The R.A. Brown Ranch has been recognized for its excellence many times. The ranch received the National Cattlemen’s Beef Association Cattle Business of the Century Award and American Quarter Horse Association/Bayer Best Remuda Award, and since 2015 has been named one of the top providers of seedstock genetics in the country by BEEF magazine. BREEDING PROGRAM
The Browns use the technologies available such as artificial insemination (AI), embryo transfer (ET), ultrasound, DNA and feed efficiency testing to produce superior genetics that fit the needs of the beef industry.
Brown said the strategy of their breeding program is to use a high percentage of proven sires in an extensive ET program utilizing young females as donor cows.
They DNA test all bulls and heifers. He said collecting the heifer genomic data is actually more valuable than the bulls. “With a DNA test, I can increase her EPD accuracy by about two lifetimes of production and we get that information before her first breeding,” he said. “When I am armed with that information, I can better produce cattle that fit our customers’ needs.”
A Grow Safe system was installed on the ranch three years ago. So today their genetic tool box includes three years of feed intake data on all bulls and replacement heifers.
“I am amazed with the genetic progress we can make in feed efficiency,” Brown said. “This information will help us produce more with less. The beef industry has worked for generations to increase performance/output, but with the measurement of expense/input traits like feed efficiency we can more effectively improve profit. Increasing efficiency is a must as we work to feed a growing global population.”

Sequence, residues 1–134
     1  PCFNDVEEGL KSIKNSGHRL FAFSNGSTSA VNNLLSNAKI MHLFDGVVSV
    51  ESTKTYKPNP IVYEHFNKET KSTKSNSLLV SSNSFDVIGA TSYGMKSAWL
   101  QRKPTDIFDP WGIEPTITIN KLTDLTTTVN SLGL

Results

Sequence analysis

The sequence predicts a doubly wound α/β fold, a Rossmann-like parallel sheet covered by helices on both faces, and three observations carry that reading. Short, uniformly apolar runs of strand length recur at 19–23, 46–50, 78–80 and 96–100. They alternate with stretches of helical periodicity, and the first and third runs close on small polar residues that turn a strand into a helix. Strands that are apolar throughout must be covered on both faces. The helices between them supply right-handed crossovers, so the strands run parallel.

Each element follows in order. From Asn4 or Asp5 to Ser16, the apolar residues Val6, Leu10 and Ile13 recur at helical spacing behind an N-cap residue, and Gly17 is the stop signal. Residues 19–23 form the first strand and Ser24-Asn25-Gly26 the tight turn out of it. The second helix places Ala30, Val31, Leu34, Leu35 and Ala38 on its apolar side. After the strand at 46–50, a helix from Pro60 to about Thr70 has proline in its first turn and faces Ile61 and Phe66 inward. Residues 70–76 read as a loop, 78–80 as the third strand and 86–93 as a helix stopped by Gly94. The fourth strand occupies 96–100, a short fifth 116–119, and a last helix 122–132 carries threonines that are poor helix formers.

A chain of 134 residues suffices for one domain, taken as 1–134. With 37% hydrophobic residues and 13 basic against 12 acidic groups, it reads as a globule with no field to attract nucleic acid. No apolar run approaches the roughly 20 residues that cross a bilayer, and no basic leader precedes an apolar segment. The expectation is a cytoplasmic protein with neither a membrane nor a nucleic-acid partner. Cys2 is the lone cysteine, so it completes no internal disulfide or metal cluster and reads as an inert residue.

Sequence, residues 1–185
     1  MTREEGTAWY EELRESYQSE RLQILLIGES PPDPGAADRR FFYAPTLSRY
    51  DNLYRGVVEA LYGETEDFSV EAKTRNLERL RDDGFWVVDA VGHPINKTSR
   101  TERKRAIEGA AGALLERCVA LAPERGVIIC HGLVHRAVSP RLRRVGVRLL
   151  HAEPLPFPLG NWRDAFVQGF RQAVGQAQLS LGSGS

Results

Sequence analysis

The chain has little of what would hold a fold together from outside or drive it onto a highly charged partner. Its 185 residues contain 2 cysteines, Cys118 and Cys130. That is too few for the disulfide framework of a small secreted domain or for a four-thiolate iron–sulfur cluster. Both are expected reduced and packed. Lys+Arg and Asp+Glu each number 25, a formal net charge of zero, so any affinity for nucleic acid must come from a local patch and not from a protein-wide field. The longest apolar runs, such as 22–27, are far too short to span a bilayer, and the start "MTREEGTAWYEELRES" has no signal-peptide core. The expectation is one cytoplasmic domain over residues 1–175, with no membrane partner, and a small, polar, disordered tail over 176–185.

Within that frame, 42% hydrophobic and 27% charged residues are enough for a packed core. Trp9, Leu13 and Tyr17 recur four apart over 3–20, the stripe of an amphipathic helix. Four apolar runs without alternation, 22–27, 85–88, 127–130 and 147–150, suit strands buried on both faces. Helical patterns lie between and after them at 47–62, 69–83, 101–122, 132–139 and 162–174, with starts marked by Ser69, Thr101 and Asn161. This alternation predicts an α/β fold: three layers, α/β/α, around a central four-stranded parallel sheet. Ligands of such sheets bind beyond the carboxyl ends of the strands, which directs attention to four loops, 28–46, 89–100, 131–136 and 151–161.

The Brown family has been marketing seedstock bulls since 1895. Currently, with the help of strong cooperating herds, they sell 850 bulls each year with their sales hosted at the ranch on the second Wednesday of October and second Wednesday of March. They also sell 150 registered females each year, including every 4-year-old female.
“Our goal is rapid genetic progress,” Brown said. “By selling every 4-year-old female we speed up the generation interval of our females.
“The benefits of this strategy (implemented in 2001) are threefold: 1) rapid genetic progress; 2) gives customer the opportunity to purchase females when they are entering the prime of their life; and 3) gives the Browns cash flow to sustain their extensive ET program.”
The strength of their program is shown by the high percentage of repeat customers, as well as by having 25 bulls in major AI studs.
An influential and effective leader since high school, Brown served as president of both the Texas FFA and National FFA. He has assisted with strategic planning for four different breed associations as well as the National Cattlemen’s Beef Association.
“Even before Brown became president of BIF, he showed leadership in the organization in many ways,” Jane said. “He energetically focused board discussions on strategies for the future and offered up new ideas that helped BIF continue its legacy of leading the industry in collaborative genetic improvement efforts. He led program development efforts for the annual convention that resulted in cutting-edge presentations to stimulate producers, beef industry stakeholders, researchers and Extension. Donnell is a strong supporter of the Young Producers’ Symposium added to BIF programming in recent years.”